an After abortion: 04/20/2003 - 04/27/2003

3,400 confidential and totally free groups to call and go to in the U.S...1,400 outside the U.S. . . . 98 of these in Canada.
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Saturday, April 26, 2003

The idea that some women (and men) have adverse emotional reactions to abortion is not well known. People like me who abort a child and then experience a negative emotional aftermath often keep this to ourselves, thinking we are the only one.

Then again, some people deny that there is such a thing as a negative emotional reaction to one's own abortion.

On this blog I have -- rather defensively, in retrospect -- spent a fair amount of time linking to evidence that supports the claim that at least some men and women suffer after abortion. No doubt I will continue to do that.

What I haven't done is spend much time on the question of what you can do about it, if you're someone like me, although I have a bunch o' links on the left to groups that can help.

I want to start writing about the connection between what a person thinks about abortion, their feelings about their own abortion(s) and what happens in healing programs.

People, often enough, change their minds over time about what is or isn't a moral act. Education, reading, exposure to dialogue and argument, moral reflection and observations over time in our circle of friends and family lead us to re-evaluate earlier positions.

If you re-evaluate your position over time on abortion, and you've had an abortion, the emotional consequences of that re-evaluation are often excruciating. Yet the fact that in coming to recognize an earlier act as an extremely grave moral wrong--not just a grave moral wrong, but one committed on one's own child--we will suffer doesn't prevent some men and women from re-evaluating their position. The arguments and evidence about the moral status of very small children works on a part of our mind (the intellect, I suppose) that is separate from and independent of our emotions, but which then flows through to them.

For my money, cognitive-behavioral therapy is the best therapeutic approach to most psychological afflictions, including depression and anxiety. There's a massive amount of empirical research that supports its effectiveness in treating these mood disorders. David Burns is the most user-friendly CBT therapist, and his work is simultaneously entertaining, humble, charming, and seriously committed to offering an effective method to relieve mood disorders. You can get a good flavor for his approach by reading over his website, Feeling Good, especially the "Ask the Guru" section; an example of his dry humor.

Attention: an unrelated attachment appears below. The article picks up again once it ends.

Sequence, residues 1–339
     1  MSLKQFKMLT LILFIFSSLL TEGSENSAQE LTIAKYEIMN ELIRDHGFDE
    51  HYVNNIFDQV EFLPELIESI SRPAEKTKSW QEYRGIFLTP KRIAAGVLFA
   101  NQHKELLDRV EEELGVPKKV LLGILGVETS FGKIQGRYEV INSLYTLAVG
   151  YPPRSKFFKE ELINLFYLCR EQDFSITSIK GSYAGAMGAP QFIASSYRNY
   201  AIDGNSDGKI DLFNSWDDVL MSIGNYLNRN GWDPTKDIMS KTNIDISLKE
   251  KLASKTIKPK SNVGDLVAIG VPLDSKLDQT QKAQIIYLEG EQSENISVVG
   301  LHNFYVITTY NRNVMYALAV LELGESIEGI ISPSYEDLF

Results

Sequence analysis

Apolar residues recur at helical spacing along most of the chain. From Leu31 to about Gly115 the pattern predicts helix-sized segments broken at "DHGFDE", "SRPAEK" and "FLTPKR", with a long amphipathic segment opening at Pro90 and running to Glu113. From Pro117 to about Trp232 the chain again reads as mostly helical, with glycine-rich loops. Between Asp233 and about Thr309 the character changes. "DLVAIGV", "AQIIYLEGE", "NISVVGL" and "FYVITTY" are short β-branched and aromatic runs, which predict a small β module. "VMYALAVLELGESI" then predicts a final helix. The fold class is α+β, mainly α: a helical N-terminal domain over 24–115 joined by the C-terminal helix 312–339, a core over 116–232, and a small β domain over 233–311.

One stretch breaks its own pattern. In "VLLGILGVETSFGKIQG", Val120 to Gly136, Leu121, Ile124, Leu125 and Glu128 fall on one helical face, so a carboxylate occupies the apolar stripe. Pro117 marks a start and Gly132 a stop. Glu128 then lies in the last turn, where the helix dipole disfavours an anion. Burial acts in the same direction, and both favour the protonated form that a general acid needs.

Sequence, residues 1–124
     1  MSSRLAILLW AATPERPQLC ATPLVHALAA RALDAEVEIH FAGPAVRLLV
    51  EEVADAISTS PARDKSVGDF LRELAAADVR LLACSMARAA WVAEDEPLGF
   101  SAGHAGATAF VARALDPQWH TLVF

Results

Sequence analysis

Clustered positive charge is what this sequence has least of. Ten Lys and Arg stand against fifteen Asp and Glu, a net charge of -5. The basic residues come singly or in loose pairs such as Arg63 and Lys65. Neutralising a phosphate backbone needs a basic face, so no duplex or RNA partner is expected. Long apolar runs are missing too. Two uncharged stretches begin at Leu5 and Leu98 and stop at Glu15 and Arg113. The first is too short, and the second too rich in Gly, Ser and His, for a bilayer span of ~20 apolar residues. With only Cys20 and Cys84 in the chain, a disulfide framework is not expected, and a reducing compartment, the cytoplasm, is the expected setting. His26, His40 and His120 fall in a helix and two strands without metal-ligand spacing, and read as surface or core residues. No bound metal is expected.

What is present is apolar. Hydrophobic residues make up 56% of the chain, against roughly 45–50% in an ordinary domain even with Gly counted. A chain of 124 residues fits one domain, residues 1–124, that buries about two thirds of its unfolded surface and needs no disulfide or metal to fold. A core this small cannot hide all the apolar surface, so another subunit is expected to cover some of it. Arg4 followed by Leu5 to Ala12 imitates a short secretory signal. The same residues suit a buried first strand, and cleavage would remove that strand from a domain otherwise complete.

The basic insight of CBT is that by and large, our mood states or emotions are a consequence of what we think. Thus, it encourages people with mood disorders to challenge and change their thoughts. However, it does not mean this in the repeat-twenty-positive-affirmations sense. Rather, CBT systematically encourages people with mood disorders to recognize that the thoughts that are causing them to experience depression and anxiety may not be true.

A very small example of this would be a person who wakes up at 3:00 a.m. and then suffers, imagining all the bad things that will happen the next day because of his lack of well-restedness. CBT therapy would help that person identify ways to cognitively challenge what are in fact a batch of false beliefs about the sure doom that will befall him if he can't get back to sleep. It is his false beliefs about that that cause him to suffer. By learning how to effectively challenge his own false beliefs, his emotional state naturally changes.

(This example makes CBT sound trite, but I'll trust my readers to read around on the suggested weblinks to get a better sense of it.)

So, CBT reminds us that our emotions most often are a direct consequence of our beliefs and it encourages us to challenge and identify false beliefs that are leading to painful emotions. This only works because our intellect can carry on a multi-layered conversation with itself wherein we can come to see that some of the beliefs with which we are torturing ourselves are false.

What it doesn't ever do is suggest that we can, or ought to, change our minds about something simply because we will feel better if we do. For example, a married man engaged in an affair may feel a lot of guilt. It's true that he would feel better if he managed to talk himself into thinking that, given the condition of his marriage, this affair is justified. Or if he decides that affairs in general are okay, regardless of the condition of one's marriage, because man did not evolve to be monogamous and shouldn't be expected to live in a way that evolution did not equip him for.